Commissioner voted to inform United
Provider Services that the county will not
pay for UU 486 or similar type drugs used
to induce abort ions.
Bids received for the purchase of certain
items from the county were approved.
They included the saleof a 1984 Chevrolet
t ruck to ((liver's Repair Shop for $505 in
Please see COMMISSIONERS, page 8A
J.D. Kraut, an employee of American Canopy of Qladeyvater, pulls on one
ilongs that lift the 4,800-pound canopy at the Intersection of
Í. Theaite will Include a Whataburger, convenience atorf and
Main Street Times 3
Rusk named National Main Street City for third year
It's official. Rusk is a National Main Street city
for the third year in a row.
Main Street Manager, Martha Neely and Main
Street Volunteer Suzann McCarty attended the
Texas Downtown Association Annual Conference
in McKinney, Texas. At the awards ceremony lun-
cheon, Rusk received the coveted honor.
Main Street cities are evaluated on ten different
criteria to determine their eligibility for National
status. Some of the criteria include efforts in his-
toric preservation, community support, reporting
of statics to the Austin office, manager ability,
board meeting efficiency, annual work' plan, and
manager and board member training.
At the TDA Conference attendees visited Denton,
one of the most successful downtowns in Texas.
The first stop was the renovated Campus Theater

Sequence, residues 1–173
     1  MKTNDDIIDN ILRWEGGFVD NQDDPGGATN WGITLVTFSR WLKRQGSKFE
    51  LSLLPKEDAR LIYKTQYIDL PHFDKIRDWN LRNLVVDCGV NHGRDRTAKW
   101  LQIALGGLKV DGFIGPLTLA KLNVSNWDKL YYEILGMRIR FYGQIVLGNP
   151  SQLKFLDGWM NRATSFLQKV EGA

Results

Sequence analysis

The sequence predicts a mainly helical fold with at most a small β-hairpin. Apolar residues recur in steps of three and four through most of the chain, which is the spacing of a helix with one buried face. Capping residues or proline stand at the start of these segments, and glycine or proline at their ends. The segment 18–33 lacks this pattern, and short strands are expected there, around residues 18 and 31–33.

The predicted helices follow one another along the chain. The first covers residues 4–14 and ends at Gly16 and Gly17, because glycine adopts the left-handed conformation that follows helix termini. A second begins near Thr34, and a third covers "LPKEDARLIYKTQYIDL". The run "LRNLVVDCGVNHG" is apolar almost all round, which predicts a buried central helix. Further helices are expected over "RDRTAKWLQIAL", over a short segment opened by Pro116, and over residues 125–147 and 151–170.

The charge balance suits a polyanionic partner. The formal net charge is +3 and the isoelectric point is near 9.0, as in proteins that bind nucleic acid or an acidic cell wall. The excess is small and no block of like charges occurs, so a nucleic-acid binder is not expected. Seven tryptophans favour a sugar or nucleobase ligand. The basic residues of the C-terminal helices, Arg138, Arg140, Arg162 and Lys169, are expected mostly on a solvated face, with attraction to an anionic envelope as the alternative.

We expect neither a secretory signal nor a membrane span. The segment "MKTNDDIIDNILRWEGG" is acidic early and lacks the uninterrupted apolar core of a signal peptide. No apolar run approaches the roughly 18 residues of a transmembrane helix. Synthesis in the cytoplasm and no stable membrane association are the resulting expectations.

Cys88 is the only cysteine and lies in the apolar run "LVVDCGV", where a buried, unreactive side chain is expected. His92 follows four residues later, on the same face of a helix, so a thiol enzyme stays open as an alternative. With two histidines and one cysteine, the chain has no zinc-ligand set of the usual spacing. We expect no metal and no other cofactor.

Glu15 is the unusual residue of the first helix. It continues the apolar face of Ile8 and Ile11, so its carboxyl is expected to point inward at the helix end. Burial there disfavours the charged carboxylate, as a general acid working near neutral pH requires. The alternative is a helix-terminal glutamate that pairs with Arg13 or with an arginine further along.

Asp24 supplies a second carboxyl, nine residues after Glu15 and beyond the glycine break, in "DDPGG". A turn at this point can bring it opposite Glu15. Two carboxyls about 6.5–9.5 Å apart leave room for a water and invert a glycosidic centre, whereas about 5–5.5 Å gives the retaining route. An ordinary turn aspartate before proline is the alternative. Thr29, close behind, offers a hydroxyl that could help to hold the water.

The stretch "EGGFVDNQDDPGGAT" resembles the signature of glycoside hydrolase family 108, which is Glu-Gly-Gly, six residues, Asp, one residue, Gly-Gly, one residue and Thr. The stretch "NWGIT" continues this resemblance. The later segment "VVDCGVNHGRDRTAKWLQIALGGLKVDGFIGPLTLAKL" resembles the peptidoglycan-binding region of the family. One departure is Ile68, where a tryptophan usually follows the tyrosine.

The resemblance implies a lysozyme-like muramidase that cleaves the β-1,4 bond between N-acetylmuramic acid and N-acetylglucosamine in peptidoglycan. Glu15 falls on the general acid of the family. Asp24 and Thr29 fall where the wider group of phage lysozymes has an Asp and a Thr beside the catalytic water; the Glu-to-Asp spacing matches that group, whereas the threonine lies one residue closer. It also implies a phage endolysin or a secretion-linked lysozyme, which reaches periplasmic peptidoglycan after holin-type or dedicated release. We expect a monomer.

where the discussion focused on fundralsing tips
and the history and economic impact of their reno-
vation project. While there Friends of Denton Main
Street entertained with a short variety show.
They also visited the Longhorn Art Gallery to learn
how the owners worked to make new infill con-
struction fit a historic setting. A tour of second
story loft apartments showed how second story
living had become a reality in Denton with 37
apartments around the square.
An architectural tour of the McKinney square
was included in the many interesting and informa-
tive sessions attended by the 200 plus representa-
tives in attendance.
Suiann McCarty and Martha Neely attend the
Texas Downtown Aasoclatlon meeting In
McKinney, whom Rusk waf named a National
Main Street City.
Rusk school board adopts
stricter attendance policies
Members of the Rusk School
Board have approved a head lice
policy and absentee, tardy and
early release guidelines for the
primary and elementary schools.
The board meeting Monday
evening considered a 14 item
Concerning the head lice or Pe-
diculosis problem the board estab-
lished a policy that states:
No pupil shall be received or
allowed to continue in the Rusk
ISD who is infested with head lice
or the lice eggB (nits). It shall be
the responsibility of the school
nurse, teachers and administra-
tion to endeavor to protect other
students from infested students.
Periodic screening of students